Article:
Review Closing Disclosure

TLDR: You’ll be provided a closing disclosure with a breakdown of all transaction costs at least three days before closing.

When will I know the actual closing costs and down payment total?

Before you close, the lender (or title company if you’re not getting a loan) will provide you with a five page document called a closing disclosure, previously referred to as a HUD-1, which has the breakdown of what funds are owed to and by each party at closing. In some states you're legally permitted three days to review the closing documents and disclosures, so at minimum, you'll know how much you’ll owe three days before closing. However, the exact amount depends on a lot of factors–prorated taxes, local water companies holding deposits, etc., and so it can be complicated to calculate exactly what you'll need to close.

Fun Fact

In 2015, the closing disclosure replaced the HUD-1 settlement statement as the final document that mortgage borrowers are given before signing closing paperwork. These changes were part of the TILA-RESPA Integrated Disclosure (TRID) rule implemented by the Consumer Finance Protection Bureau, and included a mandate requiring delivery of the closing disclosure at least three business days before closing to prevent surprises at the closing table. Today, closing disclosures for buyers are provided by lenders with the onus on the settlement company to ensure that the seller receives a closing statement.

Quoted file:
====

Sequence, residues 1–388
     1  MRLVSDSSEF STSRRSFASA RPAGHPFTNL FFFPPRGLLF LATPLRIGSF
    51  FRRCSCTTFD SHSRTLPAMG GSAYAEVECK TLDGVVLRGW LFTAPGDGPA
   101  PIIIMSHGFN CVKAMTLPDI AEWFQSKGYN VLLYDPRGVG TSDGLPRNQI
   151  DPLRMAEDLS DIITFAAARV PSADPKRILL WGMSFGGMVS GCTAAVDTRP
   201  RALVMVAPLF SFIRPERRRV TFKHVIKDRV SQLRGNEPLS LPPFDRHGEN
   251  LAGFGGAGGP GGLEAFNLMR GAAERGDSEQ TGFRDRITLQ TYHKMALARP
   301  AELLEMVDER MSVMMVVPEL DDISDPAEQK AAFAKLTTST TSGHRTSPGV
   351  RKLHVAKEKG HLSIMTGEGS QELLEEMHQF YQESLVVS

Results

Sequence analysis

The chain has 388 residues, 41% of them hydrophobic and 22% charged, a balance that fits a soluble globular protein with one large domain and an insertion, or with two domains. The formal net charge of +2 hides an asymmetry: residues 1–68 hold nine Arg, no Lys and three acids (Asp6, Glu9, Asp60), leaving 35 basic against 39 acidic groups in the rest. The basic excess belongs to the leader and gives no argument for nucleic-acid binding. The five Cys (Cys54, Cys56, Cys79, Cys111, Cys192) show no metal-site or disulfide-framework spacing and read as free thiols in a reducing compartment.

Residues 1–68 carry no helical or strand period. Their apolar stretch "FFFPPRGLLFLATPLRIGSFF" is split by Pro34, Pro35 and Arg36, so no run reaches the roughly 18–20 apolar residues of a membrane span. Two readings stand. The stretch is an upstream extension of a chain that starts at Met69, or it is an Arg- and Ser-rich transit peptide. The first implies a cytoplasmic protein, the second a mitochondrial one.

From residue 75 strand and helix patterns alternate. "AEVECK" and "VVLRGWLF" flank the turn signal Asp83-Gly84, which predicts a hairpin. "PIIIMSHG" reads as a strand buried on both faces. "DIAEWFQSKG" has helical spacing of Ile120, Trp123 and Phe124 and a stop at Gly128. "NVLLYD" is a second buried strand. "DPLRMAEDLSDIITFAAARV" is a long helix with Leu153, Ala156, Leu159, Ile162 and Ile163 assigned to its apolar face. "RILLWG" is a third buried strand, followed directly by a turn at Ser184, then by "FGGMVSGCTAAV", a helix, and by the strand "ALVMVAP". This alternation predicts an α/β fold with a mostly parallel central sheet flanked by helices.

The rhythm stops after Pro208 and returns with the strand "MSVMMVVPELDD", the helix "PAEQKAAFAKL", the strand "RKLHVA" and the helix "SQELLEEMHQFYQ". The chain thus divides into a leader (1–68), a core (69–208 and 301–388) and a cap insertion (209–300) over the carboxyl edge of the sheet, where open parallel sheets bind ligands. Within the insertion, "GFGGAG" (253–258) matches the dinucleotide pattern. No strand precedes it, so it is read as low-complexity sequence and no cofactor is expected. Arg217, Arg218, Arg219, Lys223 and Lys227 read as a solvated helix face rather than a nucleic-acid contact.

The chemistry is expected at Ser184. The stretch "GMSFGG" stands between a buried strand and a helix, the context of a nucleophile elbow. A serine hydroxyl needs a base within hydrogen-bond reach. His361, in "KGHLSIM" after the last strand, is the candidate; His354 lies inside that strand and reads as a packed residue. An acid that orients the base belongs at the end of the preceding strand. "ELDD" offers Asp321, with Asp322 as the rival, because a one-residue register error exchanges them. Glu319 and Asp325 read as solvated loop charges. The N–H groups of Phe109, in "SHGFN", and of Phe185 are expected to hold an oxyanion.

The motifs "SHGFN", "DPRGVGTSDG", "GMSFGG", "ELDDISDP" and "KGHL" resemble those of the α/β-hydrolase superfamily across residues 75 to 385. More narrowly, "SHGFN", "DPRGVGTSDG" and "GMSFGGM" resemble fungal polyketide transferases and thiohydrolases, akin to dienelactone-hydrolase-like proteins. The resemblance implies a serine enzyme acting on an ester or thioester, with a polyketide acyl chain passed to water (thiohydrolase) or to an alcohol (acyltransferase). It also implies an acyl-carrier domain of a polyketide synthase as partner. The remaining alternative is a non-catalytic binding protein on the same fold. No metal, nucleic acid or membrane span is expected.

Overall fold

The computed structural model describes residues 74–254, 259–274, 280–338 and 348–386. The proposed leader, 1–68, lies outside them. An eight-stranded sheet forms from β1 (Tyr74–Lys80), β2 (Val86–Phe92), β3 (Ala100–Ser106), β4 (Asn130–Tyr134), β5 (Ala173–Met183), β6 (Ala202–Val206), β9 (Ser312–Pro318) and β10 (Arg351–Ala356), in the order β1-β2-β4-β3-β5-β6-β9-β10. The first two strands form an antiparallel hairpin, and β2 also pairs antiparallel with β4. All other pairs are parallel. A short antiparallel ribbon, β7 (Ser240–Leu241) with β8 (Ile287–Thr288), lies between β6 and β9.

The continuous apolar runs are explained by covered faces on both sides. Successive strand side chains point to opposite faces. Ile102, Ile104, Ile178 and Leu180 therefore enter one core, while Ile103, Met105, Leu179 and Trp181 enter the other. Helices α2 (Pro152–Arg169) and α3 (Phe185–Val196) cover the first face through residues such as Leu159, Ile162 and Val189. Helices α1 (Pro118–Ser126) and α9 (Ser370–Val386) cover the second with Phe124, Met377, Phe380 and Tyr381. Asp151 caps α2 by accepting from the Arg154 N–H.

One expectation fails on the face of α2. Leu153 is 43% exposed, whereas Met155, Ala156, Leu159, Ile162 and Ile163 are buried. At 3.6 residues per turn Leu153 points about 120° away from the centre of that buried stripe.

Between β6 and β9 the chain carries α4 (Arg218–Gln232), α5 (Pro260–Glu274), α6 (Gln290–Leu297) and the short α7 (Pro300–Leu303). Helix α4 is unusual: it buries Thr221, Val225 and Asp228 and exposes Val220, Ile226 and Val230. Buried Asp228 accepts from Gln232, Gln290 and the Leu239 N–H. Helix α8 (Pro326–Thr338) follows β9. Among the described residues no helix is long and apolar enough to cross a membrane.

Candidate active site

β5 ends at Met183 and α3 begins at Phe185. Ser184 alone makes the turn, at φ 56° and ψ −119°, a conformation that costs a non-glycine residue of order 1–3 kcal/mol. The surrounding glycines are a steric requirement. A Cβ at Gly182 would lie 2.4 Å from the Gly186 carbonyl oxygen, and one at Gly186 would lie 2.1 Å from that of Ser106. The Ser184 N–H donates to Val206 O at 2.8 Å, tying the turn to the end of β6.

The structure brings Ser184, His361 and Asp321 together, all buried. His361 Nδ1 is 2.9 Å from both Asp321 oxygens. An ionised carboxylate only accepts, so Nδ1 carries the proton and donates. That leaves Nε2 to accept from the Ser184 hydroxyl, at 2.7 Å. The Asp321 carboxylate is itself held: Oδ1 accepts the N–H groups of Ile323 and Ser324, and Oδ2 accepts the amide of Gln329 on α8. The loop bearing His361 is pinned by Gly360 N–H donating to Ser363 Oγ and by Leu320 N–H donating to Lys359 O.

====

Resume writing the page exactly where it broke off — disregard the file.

The Closing Disclosure

This Closing Disclosure Explainer from the Consumer Financial Protection Bureau provides an outstanding explanation of the sections within a closing disclosure.

For quick reference, here are the five pages you’ll see in a closing disclosure.

What on earth is escrow?

There are a lot of costs that go into the total monthly mortgage payment: the loan itself with principal and interest, taxes, homeowner's insurance, PMI. That’s not even factoring in any utilities like water, gas, electric, trash, HOA and condo fees, etc. Escrow is a bank account held by a neutral third party to ensure many of the aforementioned items are paid on time. When you pay your Earnest Money Deposit, the title company deposits it into a bank account called an escrow account until closing, at which time funds are allocated according to the terms of the contract.

After closing, the lender sets up an account that distributes the total monthly payment among respective accounts. Real estate taxes and homeowner's insurance are examples of parties that are usually paid from escrow accounts. 

Fun Fact

When someone owns their home "free and clear," referring to a clear title, it means the mortgage is paid off. Homeowners then become responsible for making those tax and insurance payments themselves instead of through an escrow account managed on their behalf (as required by the lender).